We present evidence from previous works on the important phenotypic changes of various neuronal types in these neurological diseases. We also summarize efforts on conducting low- and high-throughput screening experiments with hiPSCs toward developing potential therapeutics for treatment of neurodegenerative diseases. Lastly, we discuss the limitations of hiPSCs culture system in studying neurodegenerative diseases and alternative strategies to overcome these drawbacks.
Source: Biochimica et Biophysica Acta (BBA) Molecular Basis of Disease - Category: Molecular Biology Source Type: research
Fight Aging! provides a weekly digest of news and commentary for thousands of subscribers interested in the latest longevity science: progress towards the medical control of aging in order to prevent age-related frailty, suffering, and disease, as well as improvements in the present understanding of what works and what doesn't work when it comes to extending healthy life. Expect to see summaries of recent advances in medical research, news from the scientific community, advocacy and fundraising initiatives to help speed work on the repair and reversal of aging, links to online resources, and much more. This content is...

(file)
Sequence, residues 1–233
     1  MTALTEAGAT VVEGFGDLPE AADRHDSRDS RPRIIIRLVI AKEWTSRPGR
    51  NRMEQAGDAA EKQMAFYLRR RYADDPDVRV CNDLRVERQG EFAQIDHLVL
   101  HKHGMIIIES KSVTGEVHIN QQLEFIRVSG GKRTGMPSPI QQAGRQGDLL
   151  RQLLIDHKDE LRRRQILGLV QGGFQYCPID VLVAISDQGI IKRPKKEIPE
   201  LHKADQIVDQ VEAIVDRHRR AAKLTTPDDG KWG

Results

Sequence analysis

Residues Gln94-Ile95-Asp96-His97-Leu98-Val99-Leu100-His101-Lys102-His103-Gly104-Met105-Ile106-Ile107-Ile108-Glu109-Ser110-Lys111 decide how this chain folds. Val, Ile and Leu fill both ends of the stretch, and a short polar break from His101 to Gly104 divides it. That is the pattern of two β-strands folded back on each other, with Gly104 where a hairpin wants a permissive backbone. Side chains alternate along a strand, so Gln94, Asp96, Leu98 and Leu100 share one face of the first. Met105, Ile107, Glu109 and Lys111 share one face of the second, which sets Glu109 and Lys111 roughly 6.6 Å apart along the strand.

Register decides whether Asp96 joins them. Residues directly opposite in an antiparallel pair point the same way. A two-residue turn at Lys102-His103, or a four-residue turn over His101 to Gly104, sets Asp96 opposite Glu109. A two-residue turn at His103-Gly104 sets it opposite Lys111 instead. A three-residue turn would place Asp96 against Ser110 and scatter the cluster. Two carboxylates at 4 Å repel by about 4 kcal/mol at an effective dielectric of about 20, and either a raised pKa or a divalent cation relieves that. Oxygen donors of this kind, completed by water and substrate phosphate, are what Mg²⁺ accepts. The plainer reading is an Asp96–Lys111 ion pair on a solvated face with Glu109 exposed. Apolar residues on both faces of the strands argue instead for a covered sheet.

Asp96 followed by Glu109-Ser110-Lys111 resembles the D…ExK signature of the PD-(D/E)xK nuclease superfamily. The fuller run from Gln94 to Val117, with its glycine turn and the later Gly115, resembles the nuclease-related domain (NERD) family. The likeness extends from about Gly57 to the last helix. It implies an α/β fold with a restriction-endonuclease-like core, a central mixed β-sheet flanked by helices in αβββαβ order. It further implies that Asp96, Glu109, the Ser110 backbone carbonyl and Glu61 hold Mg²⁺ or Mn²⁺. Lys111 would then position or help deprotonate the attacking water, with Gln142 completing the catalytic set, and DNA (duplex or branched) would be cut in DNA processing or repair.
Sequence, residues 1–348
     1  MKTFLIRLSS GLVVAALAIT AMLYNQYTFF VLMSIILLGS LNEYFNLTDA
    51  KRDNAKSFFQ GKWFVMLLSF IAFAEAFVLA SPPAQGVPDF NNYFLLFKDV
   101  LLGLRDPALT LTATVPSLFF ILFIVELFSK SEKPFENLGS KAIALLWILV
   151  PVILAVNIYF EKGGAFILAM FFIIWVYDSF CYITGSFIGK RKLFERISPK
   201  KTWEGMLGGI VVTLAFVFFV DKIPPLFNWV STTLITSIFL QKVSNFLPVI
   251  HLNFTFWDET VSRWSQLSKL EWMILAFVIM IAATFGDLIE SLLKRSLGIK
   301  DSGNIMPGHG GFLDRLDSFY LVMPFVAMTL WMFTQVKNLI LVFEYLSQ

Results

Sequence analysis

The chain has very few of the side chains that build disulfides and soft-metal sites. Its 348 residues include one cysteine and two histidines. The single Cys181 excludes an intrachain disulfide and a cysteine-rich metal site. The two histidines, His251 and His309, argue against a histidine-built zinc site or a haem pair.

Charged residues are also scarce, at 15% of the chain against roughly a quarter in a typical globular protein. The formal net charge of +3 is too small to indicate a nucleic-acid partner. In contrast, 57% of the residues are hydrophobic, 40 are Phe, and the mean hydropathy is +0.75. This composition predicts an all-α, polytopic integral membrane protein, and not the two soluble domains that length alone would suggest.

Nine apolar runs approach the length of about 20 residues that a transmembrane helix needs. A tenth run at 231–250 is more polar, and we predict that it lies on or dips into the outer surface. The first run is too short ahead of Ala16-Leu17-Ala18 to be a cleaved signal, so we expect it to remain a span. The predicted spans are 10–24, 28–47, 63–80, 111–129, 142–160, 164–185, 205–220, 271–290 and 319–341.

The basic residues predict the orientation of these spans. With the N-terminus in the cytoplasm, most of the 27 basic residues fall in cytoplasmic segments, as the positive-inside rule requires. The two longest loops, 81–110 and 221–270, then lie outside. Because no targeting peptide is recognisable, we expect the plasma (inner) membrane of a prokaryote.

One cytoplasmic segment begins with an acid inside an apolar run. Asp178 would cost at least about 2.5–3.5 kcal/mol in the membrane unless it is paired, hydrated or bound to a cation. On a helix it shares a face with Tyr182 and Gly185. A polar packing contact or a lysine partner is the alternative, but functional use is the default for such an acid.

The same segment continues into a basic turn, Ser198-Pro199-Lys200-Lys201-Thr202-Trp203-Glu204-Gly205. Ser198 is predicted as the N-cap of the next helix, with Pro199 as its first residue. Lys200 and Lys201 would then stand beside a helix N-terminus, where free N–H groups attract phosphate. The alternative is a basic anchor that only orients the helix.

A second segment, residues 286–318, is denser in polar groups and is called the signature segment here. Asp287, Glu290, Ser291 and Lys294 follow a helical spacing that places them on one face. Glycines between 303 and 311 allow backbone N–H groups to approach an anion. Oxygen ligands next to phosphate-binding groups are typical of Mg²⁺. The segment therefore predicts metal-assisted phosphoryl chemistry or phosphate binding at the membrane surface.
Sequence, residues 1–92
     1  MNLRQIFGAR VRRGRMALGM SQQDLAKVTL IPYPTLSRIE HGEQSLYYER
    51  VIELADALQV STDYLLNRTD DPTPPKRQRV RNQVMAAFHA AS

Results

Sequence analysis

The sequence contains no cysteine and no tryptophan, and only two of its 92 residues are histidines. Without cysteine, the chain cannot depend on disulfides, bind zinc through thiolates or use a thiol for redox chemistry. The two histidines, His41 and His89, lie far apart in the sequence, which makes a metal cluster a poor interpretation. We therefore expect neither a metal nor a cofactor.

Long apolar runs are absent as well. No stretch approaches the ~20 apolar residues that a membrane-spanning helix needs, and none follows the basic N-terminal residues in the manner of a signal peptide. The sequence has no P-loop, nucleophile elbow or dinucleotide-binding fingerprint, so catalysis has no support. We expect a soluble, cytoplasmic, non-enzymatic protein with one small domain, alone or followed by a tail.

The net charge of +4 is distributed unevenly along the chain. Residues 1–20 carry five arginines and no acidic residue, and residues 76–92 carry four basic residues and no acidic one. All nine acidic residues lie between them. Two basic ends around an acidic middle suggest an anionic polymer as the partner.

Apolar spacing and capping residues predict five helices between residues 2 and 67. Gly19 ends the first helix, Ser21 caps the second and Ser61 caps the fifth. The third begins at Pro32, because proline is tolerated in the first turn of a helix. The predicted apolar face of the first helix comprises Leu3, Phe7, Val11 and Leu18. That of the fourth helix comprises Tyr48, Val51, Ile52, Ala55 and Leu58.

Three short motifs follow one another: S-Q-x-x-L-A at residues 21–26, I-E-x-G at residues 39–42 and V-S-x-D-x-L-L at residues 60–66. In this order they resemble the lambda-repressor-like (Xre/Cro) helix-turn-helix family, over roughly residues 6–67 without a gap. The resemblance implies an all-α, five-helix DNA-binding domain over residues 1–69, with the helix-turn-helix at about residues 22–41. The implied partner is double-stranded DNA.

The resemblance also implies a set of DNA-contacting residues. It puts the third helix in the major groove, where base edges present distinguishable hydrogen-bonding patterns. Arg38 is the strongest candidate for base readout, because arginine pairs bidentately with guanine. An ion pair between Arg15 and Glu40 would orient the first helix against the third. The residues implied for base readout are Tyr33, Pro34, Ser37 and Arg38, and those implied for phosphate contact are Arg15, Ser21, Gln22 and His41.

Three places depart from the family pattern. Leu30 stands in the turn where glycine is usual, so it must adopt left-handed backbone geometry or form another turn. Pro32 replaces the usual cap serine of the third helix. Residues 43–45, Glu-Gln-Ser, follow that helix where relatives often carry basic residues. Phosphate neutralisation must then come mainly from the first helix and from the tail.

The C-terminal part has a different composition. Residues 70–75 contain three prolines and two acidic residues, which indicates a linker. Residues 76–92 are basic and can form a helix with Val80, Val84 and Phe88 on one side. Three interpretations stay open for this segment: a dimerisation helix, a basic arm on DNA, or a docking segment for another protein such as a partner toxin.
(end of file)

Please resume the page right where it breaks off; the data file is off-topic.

Source: Fight Aging! - Category: Research Authors: Tags: Newsletters Source Type: blogs
Regulation of autophagy has been a tremendously popular topic in the aging research community over the past twenty years, so much so that it is very surprising that little progress towards clinical therapies has been made. Search PubMed for autophagy and aging and you'll find a deluge of papers over this time frame, many of which express optimism on the topic of finding ways to upregulate autophagy to improve health and slow the aging process. It is the consensus in the research community that autophagy declines with age, and that there are benefits to be realized through increased autophagy. This may allow many age-relate...
Source: Fight Aging! - Category: Research Authors: Tags: Medicine, Biotech, Research Source Type: blogs
Publication date: Available online 24 January 2019Source: NeuroscienceAuthor(s): P.C. Bello-Medina, R.A. Prado-Alcalá, S. Rivas-ArancibiaAbstractThe growth of many cities has generated an increase in the emission of environmental pollutants. Exposure to these pollutants has been associated with increased mortality worldwide. These pollutants, such as ozone, produce reactive oxygen species (ROS), which cause oxidative stress throughout the body. It has been observed that there is a relationship between chronic oxidative stress and the development of degenerative diseases typical of old age such as amyotrophic lateral...
Source: Neuroscience - Category: Neuroscience Source Type: research